Got Homework?
Connect with other students for help. It's a free community.
Here's the question you clicked on:
 0 viewing

This Question is Closed

InsanelyChaotic Group TitleBest ResponseYou've already chosen the best response.0
\[\sqrt 80  3 \sqrt 63  \sqrt 125  \sqrt 175\]
 2 years ago

KingGeorge Group TitleBest ResponseYou've already chosen the best response.0
Let's go through these one at a time. First, let's simplify \(\sqrt{80}\). If we factor 80, we get \(80=2\cdot2\cdot2\cdot2\cdot5\). Since there are four 2's, we can say that \[\sqrt{80}=\sqrt{2^4\cdot5}=2^2\sqrt{5}=4\sqrt{5}\]Did this all make sense?
 2 years ago

03453660 Group TitleBest ResponseYou've already chosen the best response.0
dw:1351701634673:dw
 2 years ago

InsanelyChaotic Group TitleBest ResponseYou've already chosen the best response.0
@KingGeorge Where did the 2's come from?
 2 years ago

InsanelyChaotic Group TitleBest ResponseYou've already chosen the best response.0
When I see myself factoring, the number two doesn't even come to mind, do you just pick any number?
 2 years ago

03453660 Group TitleBest ResponseYou've already chosen the best response.0
dw:1351701840947:dw
 2 years ago

03453660 Group TitleBest ResponseYou've already chosen the best response.0
dw:1351701946360:dw
 2 years ago

KingGeorge Group TitleBest ResponseYou've already chosen the best response.0
There are certain numbers that you should think about when you're factoring this kind of number. In particular, they're the "prime" numbers. The first few prime numbers are 2,3,5,7,11,13. When you're trying to simplify radicals, see if you can divide the number by these "prime" numbers. Usually, we start at the smallest one. So for 80, you can divide by 2 to get \(80=2\cdot 40\). Again, we notice that 2 divides 40, so we get \(80=2\cdot2\cdot20\). Keep doing this, and we get \[80=2\cdot2\cdot2\cdot10\]\[80=2\cdot2\cdot2\cdot2\cdot5\]Since 5 is on our list of prime numbers, we stop, because we can't divide any more.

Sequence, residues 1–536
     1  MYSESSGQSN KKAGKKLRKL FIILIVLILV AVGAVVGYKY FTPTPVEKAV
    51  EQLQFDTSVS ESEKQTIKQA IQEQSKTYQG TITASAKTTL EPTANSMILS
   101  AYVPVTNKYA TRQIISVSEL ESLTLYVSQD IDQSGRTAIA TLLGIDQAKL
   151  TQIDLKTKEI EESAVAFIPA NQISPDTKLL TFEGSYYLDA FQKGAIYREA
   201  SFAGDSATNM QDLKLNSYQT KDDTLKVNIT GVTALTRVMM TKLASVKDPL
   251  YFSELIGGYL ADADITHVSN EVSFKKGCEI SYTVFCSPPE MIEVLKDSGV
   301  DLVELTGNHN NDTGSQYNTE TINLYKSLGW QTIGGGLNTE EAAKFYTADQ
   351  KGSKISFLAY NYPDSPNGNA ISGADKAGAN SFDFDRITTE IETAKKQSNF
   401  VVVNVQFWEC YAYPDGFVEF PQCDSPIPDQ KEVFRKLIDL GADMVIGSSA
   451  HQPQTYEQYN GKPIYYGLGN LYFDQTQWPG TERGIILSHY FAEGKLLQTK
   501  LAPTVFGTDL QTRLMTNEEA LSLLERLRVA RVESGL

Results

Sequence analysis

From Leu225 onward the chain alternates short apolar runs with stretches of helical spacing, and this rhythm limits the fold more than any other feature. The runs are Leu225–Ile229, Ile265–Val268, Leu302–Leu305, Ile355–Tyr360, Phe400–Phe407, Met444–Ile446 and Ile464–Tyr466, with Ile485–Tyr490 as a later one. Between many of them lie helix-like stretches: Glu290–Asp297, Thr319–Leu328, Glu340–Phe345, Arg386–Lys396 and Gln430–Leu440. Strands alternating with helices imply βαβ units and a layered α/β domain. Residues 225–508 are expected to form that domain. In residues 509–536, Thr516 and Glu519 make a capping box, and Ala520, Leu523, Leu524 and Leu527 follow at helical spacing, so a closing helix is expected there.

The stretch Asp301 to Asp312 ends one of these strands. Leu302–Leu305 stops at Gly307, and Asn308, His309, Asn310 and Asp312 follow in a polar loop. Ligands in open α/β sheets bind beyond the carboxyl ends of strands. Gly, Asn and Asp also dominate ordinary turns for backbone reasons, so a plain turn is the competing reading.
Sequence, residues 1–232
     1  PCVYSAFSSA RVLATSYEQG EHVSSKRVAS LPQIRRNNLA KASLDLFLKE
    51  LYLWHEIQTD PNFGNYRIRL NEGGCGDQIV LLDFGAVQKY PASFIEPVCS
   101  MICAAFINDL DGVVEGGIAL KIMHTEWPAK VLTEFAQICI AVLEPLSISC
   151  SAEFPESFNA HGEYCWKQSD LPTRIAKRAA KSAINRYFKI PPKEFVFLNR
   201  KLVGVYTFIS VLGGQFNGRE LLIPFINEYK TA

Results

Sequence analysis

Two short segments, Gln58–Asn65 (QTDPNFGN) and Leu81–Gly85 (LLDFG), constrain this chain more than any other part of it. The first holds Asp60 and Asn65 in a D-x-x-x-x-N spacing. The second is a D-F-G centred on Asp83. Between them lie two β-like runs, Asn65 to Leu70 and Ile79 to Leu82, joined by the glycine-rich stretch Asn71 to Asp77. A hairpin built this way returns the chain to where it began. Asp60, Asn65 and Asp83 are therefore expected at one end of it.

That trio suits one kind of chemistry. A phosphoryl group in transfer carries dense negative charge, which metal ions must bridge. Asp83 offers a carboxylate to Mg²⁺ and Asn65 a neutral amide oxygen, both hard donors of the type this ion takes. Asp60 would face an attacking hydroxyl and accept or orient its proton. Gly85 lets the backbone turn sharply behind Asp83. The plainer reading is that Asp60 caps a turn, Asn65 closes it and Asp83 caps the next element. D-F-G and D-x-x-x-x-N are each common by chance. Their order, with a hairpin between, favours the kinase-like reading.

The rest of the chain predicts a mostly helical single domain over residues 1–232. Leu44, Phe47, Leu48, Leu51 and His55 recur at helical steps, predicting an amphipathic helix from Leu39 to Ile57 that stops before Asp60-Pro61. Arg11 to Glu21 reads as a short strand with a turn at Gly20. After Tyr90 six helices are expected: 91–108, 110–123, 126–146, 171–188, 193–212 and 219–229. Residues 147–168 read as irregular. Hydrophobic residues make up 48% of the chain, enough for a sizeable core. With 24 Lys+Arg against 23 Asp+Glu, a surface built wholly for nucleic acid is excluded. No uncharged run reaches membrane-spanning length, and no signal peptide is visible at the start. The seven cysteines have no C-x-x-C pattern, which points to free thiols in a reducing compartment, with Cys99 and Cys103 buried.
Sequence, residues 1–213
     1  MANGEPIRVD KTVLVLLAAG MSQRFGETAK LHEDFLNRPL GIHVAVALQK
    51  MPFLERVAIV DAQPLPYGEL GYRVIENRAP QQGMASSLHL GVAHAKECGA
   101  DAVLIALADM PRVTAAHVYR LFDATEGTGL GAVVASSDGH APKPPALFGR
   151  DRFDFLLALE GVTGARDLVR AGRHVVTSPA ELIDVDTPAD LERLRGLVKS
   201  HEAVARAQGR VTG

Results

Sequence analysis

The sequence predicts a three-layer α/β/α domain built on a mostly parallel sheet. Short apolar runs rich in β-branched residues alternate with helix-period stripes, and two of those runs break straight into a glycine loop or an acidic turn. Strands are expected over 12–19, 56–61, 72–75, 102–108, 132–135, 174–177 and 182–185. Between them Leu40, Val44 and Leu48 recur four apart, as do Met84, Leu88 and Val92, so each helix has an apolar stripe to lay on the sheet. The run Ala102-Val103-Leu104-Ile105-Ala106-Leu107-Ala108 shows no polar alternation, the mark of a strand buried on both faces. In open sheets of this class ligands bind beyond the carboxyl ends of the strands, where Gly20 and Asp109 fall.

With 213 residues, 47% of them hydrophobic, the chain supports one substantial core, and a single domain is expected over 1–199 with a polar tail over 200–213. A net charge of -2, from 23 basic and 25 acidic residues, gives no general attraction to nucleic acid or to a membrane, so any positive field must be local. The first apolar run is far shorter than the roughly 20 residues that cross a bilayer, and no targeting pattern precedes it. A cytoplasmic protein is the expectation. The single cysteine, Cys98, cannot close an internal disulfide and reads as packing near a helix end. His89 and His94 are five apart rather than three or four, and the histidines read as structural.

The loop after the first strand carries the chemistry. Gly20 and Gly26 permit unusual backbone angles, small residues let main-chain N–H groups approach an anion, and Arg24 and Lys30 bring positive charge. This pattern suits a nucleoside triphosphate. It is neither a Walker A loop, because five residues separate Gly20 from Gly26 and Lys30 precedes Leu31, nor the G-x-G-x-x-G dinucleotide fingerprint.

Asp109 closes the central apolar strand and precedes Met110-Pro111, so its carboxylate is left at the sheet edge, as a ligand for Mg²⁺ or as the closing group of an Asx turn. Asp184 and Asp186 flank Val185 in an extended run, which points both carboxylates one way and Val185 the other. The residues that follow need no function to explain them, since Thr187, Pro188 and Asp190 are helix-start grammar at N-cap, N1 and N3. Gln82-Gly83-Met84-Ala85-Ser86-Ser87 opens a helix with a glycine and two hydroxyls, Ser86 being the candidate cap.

2 years ago

InsanelyChaotic Group TitleBest ResponseYou've already chosen the best response.0
That's incredible, thank you for taking the time to explain that
 2 years ago

KingGeorge Group TitleBest ResponseYou've already chosen the best response.0
So if you follow this same process, you should get almost what 03453660 did (175 is a bit different). In particular,\[80=2^4\cdot 5\]\[63=3^3\cdot7\]\[125=5^3\]\[175=5^2\cdot 7\]Now, can you take the square roots of the factored numbers?
 2 years ago

InsanelyChaotic Group TitleBest ResponseYou've already chosen the best response.0
Can I what?
 2 years ago

InsanelyChaotic Group TitleBest ResponseYou've already chosen the best response.0
I'm sorry, that question caught me off guard
 2 years ago

KingGeorge Group TitleBest ResponseYou've already chosen the best response.0
So we already said that \(\sqrt{2^4\cdot5}=4\sqrt{5}\). Now, what is \[\large \sqrt{3^2\cdot 7}?\]Also, I've got go now, feel free to call in someone else to help you finish.
 2 years ago

InsanelyChaotic Group TitleBest ResponseYou've already chosen the best response.0
12x7?
 2 years ago
See more questions >>>
Your question is ready. Sign up for free to start getting answers.
spraguer
(Moderator)
5
→ View Detailed Profile
is replying to Can someone tell me what button the professor is hitting...
23
 Teamwork 19 Teammate
 Problem Solving 19 Hero
 Engagement 19 Mad Hatter
 You have blocked this person.
 ✔ You're a fan Checking fan status...
Thanks for being so helpful in mathematics. If you are getting quality help, make sure you spread the word about OpenStudy.